Our Perspectives on the Latest Issues
Late last week, the Pennsylvania General Assembly passed a five-month stopgap budget package to fund most of the state government through November 2020. While the state’s education funding has been appropriated for a full year, all other lines, including conservation and environmental protection, were largely funded at flat levels from the current 2019-2020 fiscal year.
PennFuture recognizes this stopgap budget is necessary because of the circumstances surrounding the COVID-19 pandemic, but we are nonetheless pleased that the plan holds steady funding for environmental and conservation agencies that protect our natural resources. Now is not the time to slash funding or otherwise undermine the work being done by these critical agencies, which work every day on behalf of the millions of Pennsylvanians who cherish clean air, pure water and a healthy environment. In addition, it's imperative that our state government makes real and meaningful investments on behalf of our environment as the legislative session moves forward this year.
The Five-Month Spending Plan
The $25.8 billion spending plan of the budget package was moved by the general fund appropriations bill called House Bill 2387 (Saylor). The legislation unfortunately called for cutting essential funding to the river basin commissions that do critical water quality and quantity work, protecting and restoring our Commonwealth’s rivers and streams. Thankfully, this year’s budget bill did not call for raiding special or dedicated environmental and conservation funds that are restricted and statutorily set aside for conservation projects.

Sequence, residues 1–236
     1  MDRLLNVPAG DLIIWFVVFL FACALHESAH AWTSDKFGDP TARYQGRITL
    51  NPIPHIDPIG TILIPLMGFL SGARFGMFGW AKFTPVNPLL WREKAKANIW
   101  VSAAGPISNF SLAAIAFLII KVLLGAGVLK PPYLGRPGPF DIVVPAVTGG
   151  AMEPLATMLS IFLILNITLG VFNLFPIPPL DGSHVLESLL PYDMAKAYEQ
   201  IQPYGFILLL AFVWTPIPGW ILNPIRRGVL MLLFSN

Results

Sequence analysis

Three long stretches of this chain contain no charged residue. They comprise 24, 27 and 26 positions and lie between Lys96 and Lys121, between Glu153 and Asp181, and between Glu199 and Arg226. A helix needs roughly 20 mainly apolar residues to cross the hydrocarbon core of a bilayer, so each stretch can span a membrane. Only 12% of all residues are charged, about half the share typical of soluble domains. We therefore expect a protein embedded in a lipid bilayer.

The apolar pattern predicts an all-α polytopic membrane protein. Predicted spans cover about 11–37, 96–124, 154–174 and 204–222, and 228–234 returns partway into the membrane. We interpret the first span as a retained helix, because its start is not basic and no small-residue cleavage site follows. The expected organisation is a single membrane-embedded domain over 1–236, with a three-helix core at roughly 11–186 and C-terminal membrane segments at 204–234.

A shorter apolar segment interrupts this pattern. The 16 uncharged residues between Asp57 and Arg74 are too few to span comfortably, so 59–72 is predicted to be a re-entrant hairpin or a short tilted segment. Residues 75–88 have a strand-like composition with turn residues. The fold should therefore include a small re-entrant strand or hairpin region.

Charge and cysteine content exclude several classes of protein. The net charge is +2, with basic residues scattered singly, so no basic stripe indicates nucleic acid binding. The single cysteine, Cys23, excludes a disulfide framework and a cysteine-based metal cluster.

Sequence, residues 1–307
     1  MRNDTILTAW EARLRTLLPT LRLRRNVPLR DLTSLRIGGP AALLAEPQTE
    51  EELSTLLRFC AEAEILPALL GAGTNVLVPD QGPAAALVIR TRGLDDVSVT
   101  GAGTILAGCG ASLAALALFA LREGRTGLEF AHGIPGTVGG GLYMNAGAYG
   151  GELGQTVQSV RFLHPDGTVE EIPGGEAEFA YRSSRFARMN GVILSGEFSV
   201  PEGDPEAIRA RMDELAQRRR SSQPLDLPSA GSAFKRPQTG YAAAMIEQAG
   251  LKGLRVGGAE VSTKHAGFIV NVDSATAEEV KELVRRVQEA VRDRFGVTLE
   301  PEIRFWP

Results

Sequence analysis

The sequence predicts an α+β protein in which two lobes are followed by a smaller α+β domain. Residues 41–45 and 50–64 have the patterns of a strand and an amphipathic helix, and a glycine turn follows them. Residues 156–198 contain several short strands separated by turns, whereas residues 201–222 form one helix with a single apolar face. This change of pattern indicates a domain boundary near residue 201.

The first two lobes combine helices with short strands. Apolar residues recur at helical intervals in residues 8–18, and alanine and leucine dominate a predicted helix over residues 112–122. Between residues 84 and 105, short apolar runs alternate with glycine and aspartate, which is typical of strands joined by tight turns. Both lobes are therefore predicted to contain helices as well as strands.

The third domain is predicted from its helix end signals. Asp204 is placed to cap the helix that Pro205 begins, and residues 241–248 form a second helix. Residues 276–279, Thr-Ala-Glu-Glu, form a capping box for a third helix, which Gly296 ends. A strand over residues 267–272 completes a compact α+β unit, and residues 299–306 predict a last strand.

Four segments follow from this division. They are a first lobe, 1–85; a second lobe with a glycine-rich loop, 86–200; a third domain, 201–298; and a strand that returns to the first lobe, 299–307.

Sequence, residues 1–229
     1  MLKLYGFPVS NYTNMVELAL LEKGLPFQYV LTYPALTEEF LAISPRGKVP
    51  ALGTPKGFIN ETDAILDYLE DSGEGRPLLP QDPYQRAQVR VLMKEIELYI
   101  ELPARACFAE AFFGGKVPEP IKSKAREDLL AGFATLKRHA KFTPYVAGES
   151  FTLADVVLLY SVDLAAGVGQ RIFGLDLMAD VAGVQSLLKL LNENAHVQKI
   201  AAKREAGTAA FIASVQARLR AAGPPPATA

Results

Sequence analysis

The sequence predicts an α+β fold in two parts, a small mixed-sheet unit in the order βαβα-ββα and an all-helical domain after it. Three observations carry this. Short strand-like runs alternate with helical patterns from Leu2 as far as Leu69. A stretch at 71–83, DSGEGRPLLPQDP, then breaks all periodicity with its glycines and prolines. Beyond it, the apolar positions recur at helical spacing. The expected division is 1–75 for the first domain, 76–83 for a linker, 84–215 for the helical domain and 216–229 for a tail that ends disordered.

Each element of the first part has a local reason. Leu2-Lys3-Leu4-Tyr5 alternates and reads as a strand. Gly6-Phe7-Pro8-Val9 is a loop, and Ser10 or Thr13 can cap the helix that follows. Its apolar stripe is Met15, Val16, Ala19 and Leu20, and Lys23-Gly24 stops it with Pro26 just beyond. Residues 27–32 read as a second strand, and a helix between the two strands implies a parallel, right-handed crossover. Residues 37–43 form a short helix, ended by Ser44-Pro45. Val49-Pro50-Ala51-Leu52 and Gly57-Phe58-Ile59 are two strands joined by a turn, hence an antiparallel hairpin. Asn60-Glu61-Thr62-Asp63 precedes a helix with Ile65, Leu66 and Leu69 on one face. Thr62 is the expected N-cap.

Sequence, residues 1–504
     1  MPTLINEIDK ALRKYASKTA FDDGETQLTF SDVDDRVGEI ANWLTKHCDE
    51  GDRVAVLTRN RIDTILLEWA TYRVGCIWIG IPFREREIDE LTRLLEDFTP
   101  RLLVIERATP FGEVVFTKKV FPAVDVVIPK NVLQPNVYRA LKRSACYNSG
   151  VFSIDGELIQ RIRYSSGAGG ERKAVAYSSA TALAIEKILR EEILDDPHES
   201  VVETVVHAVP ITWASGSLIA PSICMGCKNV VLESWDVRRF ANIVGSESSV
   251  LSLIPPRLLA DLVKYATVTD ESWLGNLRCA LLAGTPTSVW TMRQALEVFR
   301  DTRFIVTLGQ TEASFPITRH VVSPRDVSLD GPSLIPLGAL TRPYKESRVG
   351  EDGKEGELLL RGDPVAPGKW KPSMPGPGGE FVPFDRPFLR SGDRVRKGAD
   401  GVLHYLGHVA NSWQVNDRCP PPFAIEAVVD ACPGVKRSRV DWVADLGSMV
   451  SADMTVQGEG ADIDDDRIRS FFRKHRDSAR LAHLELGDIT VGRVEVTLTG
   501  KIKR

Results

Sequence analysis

The House and Senate will have to return to the appropriations work in Harrisburg after the November 3, 2020 election for a ‘sine die’—or ‘lame-duck’—legislative session to hammer out a supplemental appropriations bill for the remainder of the 2020-2021 fiscal year. Pennsylvania hasn’t seen a sine die session for almost 15 years and proponents of “good government” are rightfully concerned; legislators voting on the supplemental budget may be retiring or may have been defeated, but would still retain their seats for this session. Because of this and the projected $5.2 billion budget shortfall for this and next fiscal years, climbing out of this hole for funding will be a challenge. Filling this hole and even moving Pennsylvania to adequate investment levels for conservation and environmental protection will be a steep climb.
Some Members of the legislature will call for draconian cuts to these resources agencies and will try to move austerity measures like gutting our dedicated funds, such as the Environmental Stewardship Fund, Keystone Recreation, Parks, and Conservation Fund, and more. We must remember that these areas are not fluff that we can cut indiscriminately, but these are core functions of our state government. We must protect these funds and move to invest more in these agencies that have been cut more than 40 percent since 2002.
What About Code Bills?
In addition to the appropriations bill, the General Assembly often passes associated “code bills” that implement the budget across different areas. These code bills are often used to move nefarious pieces of legislation that, by themselves, wouldn’t make it through the legislature.